Code Red: Vulnerability to Extreme Heat, Floods, and Displacement

  • Wednesday, September 22, 2021 2:00 PM – 3:15 PM
  • Online event, link here
  • Climate change is here already, but impacting different regions and groups differently. Mapping humanity’s present and future vulnerability to extreme heat, flooding, displacement, and other changes is vital to effective adaptation and greater resilience. In his statement on the recent findings of the Intergovernmental Panel on Climate Change (IPCC), UN Secretary-General António Guterres declared a “Code Red for Humanity,” highlighting that climate change is already affecting every world region and putting billions at immediate risk from evolving climate hazards. Extreme heat, flooding, and other climate impacts affect everyone, but many are especially vulnerable due to their livelihoods, location, poverty, and other factors. Climate change is expected to increase migration between countries, and displacement within countries, in the coming decades. Better data and understanding of patterns of vulnerability, and the ability to forecast impacts, are critical to efforts to adapt to a changing climate, increase societal resilience, and strengthen environmental justice, leaving no one behind.

Reducing Climate Threats to Food Systems: Highlights from the First Columbia World Project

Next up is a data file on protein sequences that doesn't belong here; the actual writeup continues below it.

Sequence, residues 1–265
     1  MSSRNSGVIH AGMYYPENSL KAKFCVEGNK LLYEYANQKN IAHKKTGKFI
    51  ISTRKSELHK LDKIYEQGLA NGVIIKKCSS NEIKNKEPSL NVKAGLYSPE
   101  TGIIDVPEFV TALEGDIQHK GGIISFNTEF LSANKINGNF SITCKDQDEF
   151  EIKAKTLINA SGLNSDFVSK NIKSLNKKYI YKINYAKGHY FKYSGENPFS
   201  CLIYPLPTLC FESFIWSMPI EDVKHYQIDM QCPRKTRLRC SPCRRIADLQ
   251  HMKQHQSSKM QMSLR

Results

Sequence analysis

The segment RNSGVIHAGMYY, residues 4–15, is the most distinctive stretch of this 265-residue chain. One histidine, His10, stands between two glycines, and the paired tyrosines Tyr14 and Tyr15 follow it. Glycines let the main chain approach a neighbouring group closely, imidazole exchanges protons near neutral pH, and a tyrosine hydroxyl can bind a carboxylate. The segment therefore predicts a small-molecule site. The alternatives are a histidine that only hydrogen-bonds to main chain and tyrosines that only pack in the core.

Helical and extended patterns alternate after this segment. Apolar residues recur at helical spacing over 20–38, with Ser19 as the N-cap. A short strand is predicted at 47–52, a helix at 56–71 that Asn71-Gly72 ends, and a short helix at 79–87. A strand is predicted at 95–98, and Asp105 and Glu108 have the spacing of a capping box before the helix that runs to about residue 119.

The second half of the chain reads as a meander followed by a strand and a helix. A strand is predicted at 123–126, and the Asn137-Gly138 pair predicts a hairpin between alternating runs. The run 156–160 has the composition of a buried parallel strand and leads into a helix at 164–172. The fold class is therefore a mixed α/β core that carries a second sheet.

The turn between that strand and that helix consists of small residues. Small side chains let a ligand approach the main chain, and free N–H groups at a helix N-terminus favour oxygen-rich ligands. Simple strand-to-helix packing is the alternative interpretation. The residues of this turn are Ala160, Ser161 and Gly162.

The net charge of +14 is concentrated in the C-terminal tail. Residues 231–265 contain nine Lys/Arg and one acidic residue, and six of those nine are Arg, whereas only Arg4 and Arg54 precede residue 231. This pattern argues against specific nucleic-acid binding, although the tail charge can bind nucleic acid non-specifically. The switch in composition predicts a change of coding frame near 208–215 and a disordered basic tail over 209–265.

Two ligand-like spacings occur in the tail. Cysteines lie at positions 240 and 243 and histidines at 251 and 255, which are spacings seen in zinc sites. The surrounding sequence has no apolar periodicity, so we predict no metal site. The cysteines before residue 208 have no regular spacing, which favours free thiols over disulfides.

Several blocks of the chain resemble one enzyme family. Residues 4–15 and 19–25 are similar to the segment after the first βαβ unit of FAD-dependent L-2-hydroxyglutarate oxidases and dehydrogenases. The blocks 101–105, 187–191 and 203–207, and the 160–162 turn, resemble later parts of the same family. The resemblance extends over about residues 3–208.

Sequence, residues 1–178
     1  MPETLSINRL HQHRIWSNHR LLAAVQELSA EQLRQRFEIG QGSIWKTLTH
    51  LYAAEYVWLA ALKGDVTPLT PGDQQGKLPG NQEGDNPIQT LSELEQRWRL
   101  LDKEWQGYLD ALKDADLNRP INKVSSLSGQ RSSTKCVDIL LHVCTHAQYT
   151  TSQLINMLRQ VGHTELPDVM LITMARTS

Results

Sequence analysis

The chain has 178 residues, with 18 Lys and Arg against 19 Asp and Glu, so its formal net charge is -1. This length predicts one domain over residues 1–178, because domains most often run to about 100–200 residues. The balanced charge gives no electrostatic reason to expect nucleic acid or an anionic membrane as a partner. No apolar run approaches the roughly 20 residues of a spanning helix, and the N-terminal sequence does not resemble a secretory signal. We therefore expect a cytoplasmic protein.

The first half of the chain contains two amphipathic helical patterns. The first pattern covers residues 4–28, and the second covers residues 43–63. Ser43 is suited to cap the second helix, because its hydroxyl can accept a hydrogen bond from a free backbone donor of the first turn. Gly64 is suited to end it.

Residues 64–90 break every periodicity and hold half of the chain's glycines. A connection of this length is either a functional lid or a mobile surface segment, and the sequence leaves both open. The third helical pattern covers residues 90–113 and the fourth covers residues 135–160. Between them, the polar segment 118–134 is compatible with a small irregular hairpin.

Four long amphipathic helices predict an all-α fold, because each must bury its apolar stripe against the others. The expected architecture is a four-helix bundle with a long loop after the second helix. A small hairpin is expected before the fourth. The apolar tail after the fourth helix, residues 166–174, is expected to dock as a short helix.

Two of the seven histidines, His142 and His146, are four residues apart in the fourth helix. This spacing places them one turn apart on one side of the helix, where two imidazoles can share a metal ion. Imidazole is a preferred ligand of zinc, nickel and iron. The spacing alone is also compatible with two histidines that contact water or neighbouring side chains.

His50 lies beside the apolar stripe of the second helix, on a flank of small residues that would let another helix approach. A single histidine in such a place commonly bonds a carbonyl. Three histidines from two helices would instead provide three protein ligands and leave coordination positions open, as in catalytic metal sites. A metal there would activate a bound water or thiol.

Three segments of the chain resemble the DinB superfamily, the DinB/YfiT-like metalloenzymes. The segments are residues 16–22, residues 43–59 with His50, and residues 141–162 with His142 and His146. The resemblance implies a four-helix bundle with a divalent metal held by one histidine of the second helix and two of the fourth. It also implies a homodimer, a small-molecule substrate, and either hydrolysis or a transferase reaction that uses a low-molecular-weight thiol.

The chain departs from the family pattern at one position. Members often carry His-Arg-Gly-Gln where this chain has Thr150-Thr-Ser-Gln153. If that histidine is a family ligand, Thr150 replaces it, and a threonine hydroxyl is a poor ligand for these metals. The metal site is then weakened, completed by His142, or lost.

• Friday, September 24, 2021 11:00 AM – 12:00 PM
  • Online event, link here
  • This event showcases the strategy and successes of the first Columbia World Project––Adapting Agriculture to Climate Today, for Tomorrow (ACToday)––which is led by the Climate School’s International Research Institute for Climate and Society. ACToday has worked to combat hunger by increasing climate knowledge in six countries particularly dependent on agriculture and vulnerable to the effects of climate variability and change: Bangladesh, Colombia, Ethiopia, Guatemala, Senegal and Vietnam.

Other science events:

Double Pandemic: Contending with COVID19 & the Impact of Racism

  • Monday, September 20, 2021 6:30 PM – 7:30 PM
  • Earl Hall, 2980 Broadway, New York, NY 10027, Schiff Room
  • Event link here
  • The global COVID-19 pandemic has deeply impacted our lives. Black, Indigenous and People of Color (BIPOC) communities have had to simultaneously navigate the ongoing harms and risks of systemic racism alongside the broader health pandemic. On May 25, 2020, George Floyd’s murder sparked a global call for systemic change to address the pervasiveness and persistance of racism. We have also seen a resurgence in anti-Asian bias and violence, prompting communities to raise their voices for change. All students are welcomed to join a moment of reflection on September 20th at 6:30PM ET; we will share what it means to contend with both COVID-19’s impact alongside the ongoing fight for racial justice. Facilitated by Melissa Mayard, Associate Director for Diversity, Equity and Inclusion in University Life. 

September 2021 COVID Information Commons Webinar

  • Wednesday, September 22, 2021 2:30 PM – 4:00 PM
  • Online event, link here
  • Meet the scientists seeking new insights on COVID-19. Every month, we bring together a group of researchers studying wide-ranging aspects of the current pandemic, to share their research and answer questions from our community. Learn more about their ongoing efforts in the fight against COVID-19, including opportunities for collaboration.

Image via Shane Maughn/Bwog Illustrations